In a fairly remarkable quick-change stunt, Astrotrain turned into his locomotive form , allowing the retreating Decepticons to get on board as quickly as they could, and then took off very briefly in train form before transforming seconds later to his space shuttle mode and heading off for as far away as he could get.

It could even be argued that Astrotrain was partially responsible for Megatron's conversion to Galvatron at the hands of Unicron. Low on fuel and possibly slightly damaged, Astrotrain requests that the load in his cargo bay be lightened, or their chances of making it back to Cybertron are slim at best. Starscream suggests that the best way to do this is to kick out all of the seriously injured Decepticons. Of course, this includes Megatron, which falls in rather nicely with Starscream's plan to take over. Megs and the others are given the boot, later to be contacted by Unicron, and Starscream declares himself the new leader of the Decepticons. Soundwave and his associates object, as do the Constructicons, and Astrotrain gets to fly the rest of the way back to Cybertron with the Decepticon equivalent of the WWE Royal Rumble taking place in his cargo bay. That must've been a bundle of laughs.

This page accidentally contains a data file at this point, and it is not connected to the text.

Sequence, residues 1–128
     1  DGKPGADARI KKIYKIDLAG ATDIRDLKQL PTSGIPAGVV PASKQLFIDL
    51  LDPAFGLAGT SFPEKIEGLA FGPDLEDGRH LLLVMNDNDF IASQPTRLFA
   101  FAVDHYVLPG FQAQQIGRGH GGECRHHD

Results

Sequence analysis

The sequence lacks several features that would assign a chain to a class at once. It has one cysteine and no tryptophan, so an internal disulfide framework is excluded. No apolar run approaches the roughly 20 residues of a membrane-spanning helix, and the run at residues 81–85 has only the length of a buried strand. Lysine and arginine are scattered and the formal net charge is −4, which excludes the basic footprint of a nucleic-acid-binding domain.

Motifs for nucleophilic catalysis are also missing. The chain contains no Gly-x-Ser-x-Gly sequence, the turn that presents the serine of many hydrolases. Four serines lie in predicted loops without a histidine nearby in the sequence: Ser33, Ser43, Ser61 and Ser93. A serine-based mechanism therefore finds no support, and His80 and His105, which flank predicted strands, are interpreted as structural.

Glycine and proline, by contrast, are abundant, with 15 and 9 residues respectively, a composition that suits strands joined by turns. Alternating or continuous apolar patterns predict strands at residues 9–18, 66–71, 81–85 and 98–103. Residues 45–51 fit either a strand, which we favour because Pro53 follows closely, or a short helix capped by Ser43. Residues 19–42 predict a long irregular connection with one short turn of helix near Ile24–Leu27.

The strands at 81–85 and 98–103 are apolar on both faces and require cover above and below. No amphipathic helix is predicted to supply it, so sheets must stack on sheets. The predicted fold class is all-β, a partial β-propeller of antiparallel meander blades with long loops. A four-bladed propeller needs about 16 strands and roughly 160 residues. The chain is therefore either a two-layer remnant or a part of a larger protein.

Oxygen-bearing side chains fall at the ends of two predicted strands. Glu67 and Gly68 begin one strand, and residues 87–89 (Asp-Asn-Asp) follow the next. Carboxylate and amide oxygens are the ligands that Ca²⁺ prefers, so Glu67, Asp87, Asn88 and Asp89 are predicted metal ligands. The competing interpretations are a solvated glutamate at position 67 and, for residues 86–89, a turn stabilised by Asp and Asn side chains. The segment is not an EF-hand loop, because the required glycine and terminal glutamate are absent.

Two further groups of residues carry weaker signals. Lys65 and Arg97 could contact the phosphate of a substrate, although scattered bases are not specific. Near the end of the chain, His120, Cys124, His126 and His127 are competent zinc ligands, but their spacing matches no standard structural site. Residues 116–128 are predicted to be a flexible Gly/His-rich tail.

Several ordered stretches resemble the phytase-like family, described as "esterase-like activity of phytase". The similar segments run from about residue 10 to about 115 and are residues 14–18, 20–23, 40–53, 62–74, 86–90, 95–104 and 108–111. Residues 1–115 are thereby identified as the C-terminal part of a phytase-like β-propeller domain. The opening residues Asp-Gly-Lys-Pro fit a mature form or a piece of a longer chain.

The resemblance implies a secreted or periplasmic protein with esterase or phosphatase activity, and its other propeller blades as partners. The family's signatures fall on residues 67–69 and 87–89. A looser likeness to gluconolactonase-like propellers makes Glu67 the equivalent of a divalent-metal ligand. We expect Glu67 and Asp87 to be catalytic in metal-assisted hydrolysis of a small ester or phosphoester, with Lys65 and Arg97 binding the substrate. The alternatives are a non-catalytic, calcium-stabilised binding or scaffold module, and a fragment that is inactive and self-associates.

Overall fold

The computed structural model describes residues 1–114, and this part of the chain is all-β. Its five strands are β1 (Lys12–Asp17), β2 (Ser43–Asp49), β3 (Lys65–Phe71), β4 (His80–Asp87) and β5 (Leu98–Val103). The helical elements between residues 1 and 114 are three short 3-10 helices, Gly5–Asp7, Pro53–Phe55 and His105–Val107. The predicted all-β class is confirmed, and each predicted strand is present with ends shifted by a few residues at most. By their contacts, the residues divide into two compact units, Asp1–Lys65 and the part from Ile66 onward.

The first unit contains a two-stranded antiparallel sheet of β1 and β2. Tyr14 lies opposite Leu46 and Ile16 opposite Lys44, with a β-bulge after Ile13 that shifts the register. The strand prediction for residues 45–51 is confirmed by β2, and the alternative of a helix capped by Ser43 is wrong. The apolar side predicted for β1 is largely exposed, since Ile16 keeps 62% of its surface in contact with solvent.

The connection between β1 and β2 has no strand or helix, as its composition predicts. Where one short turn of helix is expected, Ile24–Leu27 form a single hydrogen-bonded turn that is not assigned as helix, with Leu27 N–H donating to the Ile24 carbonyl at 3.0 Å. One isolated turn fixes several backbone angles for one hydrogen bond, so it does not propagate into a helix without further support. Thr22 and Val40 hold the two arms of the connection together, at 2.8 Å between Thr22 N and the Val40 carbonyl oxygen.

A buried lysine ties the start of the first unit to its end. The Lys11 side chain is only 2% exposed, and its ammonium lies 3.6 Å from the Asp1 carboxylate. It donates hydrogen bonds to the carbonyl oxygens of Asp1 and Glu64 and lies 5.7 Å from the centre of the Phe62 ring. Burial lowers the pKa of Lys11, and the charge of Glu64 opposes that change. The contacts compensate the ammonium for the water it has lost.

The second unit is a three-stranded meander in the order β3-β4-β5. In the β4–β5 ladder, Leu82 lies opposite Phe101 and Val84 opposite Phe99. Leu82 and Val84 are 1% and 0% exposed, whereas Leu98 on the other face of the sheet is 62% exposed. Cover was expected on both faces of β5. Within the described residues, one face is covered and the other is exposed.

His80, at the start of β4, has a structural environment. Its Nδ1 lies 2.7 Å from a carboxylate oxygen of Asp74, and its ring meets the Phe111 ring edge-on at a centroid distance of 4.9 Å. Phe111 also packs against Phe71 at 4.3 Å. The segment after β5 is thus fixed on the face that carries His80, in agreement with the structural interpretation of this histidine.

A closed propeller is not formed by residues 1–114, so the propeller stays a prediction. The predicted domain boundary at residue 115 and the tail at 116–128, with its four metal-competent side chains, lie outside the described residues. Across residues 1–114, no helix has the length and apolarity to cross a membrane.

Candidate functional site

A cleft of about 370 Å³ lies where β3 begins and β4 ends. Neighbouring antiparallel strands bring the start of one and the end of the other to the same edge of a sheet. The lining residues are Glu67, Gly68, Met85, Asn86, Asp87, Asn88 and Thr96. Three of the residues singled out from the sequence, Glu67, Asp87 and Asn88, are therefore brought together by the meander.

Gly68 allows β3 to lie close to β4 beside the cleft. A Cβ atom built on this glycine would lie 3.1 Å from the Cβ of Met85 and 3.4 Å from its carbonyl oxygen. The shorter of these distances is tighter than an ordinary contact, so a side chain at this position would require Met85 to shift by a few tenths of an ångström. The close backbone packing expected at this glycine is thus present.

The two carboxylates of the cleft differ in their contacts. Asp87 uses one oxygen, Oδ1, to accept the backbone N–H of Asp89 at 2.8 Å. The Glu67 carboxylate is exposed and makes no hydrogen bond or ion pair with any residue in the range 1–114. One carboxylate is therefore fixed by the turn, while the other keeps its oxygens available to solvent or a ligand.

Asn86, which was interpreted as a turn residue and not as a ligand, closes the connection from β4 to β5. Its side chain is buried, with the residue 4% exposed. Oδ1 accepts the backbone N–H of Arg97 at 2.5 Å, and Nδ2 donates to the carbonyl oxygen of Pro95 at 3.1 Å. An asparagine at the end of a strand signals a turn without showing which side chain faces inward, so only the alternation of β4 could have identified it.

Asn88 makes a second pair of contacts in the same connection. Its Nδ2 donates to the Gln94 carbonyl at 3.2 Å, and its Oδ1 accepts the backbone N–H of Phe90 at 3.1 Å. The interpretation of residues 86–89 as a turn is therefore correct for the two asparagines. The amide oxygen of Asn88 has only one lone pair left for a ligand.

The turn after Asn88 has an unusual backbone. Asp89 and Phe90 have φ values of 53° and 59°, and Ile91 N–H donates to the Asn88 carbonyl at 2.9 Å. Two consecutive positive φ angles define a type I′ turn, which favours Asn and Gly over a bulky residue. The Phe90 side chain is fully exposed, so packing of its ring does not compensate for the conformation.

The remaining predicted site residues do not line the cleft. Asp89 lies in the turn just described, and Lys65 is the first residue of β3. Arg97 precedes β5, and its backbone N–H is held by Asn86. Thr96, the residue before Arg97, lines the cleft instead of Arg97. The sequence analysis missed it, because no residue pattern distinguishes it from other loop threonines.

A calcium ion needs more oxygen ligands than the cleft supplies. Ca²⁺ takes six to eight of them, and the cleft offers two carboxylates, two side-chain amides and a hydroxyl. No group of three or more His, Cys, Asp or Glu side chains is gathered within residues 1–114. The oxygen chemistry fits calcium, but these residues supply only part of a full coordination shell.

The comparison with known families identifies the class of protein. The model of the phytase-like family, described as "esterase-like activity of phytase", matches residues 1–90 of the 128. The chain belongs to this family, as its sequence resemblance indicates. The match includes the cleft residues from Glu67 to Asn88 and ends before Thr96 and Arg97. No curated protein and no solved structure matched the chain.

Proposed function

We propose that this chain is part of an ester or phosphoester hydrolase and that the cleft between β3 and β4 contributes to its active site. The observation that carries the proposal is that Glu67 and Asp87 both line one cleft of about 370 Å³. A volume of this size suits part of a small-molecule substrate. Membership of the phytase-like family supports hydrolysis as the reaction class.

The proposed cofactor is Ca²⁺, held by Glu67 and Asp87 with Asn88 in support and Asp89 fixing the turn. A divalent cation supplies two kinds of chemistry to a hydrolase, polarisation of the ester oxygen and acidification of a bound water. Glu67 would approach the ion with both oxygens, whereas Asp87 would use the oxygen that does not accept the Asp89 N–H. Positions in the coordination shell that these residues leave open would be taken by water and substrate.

The original Astrotrain toy was a relatively small item, but impressive enough given its Triple-Changer capability. Recently, Astrotrain returned to the Transformers toy line, in the Classics series, so clearly the name has recognition within the Transformers Universe.

And the Official Transformers Collectors' Club decided to make Astrotrain one of their exclusive offerings for 2007! And let me tell you, this is one highly impressive toy.

It's a remake of the Jetfire toy from the Transformers Armada line, and certainly that's a name with a lot of recognition behind it, but let's set that aspect of it aside for a moment. Just of his own accord, this Astrotrain is a spectacular addition to any Transformers collection.